Another heavy-handed, class-conscious international genre film graces Netflix’s thumbnails, but Cadaver is ultimately too flawed to make good on a compelling premise.
What’s this? Another Netflix international horror-thriller-thing built around a rather unsubtle class-division metaphor like The Platform? Check! But it’s also a couple of other things, including Norwegian, which is often a good sign but here amounts to very little, and set in a post-apocalyptic dystopia since you can never have too many of those. Cadaver arrives with its fair share of on-trend sensibilities and what is, to be fair, a pretty compelling setup, but it’s also blighted by some gaping plot holes, an increasing silliness, a fair share of played-out genre tropes, and some sledgehammer-subtle social commentary, all of which conspire to make it seem much longer than its 86-minute runtime.
That premise, since we’re on the subject, sees the starving Leonora (Gitte Witt), Jacob (Thomas Gullestad), and their daughter Alice (Tuva Olivia Remman) lured into an obvious trap at a local hotel directed by the creepy, eloquent and eccentric Dracula-alike Mathias (Thorbjørn Harr), swayed by promises of a meal. The grub, though, is part of a so-called charitable theatre play that divides the actors and audiences by their wearing of masks, and of course, the lines between fiction and reality become increasingly blurred as audience members begin disappearing and various oddities start piling up.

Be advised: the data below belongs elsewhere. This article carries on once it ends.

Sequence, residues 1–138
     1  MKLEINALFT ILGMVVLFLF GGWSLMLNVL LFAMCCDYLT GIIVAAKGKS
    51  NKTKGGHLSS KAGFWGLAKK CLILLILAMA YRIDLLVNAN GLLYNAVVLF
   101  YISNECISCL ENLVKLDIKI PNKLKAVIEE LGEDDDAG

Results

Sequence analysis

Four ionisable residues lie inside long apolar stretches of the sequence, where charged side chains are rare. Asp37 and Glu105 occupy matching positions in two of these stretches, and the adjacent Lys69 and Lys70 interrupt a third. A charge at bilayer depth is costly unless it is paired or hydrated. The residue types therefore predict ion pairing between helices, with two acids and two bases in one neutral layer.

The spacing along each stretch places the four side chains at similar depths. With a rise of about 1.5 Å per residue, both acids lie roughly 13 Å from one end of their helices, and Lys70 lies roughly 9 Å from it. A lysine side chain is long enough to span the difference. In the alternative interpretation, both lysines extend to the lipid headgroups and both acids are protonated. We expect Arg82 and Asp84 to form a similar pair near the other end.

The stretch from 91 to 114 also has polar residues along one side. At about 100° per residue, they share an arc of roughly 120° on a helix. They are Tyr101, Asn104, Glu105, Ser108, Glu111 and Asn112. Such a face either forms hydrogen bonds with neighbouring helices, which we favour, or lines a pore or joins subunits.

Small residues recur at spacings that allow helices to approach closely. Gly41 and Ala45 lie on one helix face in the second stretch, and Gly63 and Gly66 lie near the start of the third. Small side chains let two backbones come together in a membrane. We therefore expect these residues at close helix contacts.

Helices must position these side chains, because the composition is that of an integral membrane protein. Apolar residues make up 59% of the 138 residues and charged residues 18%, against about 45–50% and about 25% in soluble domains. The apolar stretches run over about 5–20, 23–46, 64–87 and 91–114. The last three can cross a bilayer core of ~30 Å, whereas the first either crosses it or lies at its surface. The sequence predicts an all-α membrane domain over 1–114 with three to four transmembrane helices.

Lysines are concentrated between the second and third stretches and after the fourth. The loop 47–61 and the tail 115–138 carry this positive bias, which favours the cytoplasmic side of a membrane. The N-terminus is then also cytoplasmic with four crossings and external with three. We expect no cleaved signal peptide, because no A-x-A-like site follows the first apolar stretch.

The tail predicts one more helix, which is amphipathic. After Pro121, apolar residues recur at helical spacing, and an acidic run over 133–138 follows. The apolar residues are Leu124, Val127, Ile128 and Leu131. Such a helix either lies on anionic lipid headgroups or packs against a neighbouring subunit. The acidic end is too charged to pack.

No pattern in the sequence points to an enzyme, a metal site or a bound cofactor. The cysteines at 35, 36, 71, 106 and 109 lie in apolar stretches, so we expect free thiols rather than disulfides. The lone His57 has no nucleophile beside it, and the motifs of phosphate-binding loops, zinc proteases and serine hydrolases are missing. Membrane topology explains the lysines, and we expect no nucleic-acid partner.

That’s a good setup! And it works as one for a while until the implausibility gets too unwieldy for Cadaver to properly manage. It’s a little undercut by the idea of anyone falling for what is so clearly not what it seems, but there’s a palpable sense of desperation following the rather nebulous nuclear disaster and, frankly, this is the kind of thing we overlook as an audience to allow the story to play out anyway. Eventually, though, the film’s eagerness to descend into metaphor and cliché all in service of a development that is easy enough to figure out ahead of time squanders some of the goodwill, and it’s unlikely Cadaver will drum up the same kind of hot-topic attention as the aforementioned The Platform did.
Written and directed by Jarand Herdal, Cadaver feels like the work of a promising filmmaker flexing some underused muscles. Leaning – even intermittently – on tortuously familiar devices like hallucinatory mental decline and extremely heavy-handed class commentary will be an impulse best avoided in subsequent projects, but the more than respectable production and direction of actors will ensure that there are subsequent projects. It’s a mixed bag and won’t make much of an impact in the streaming world this weekend, but there are certainly worse versions of a hellish future to be had. Just turn on the news.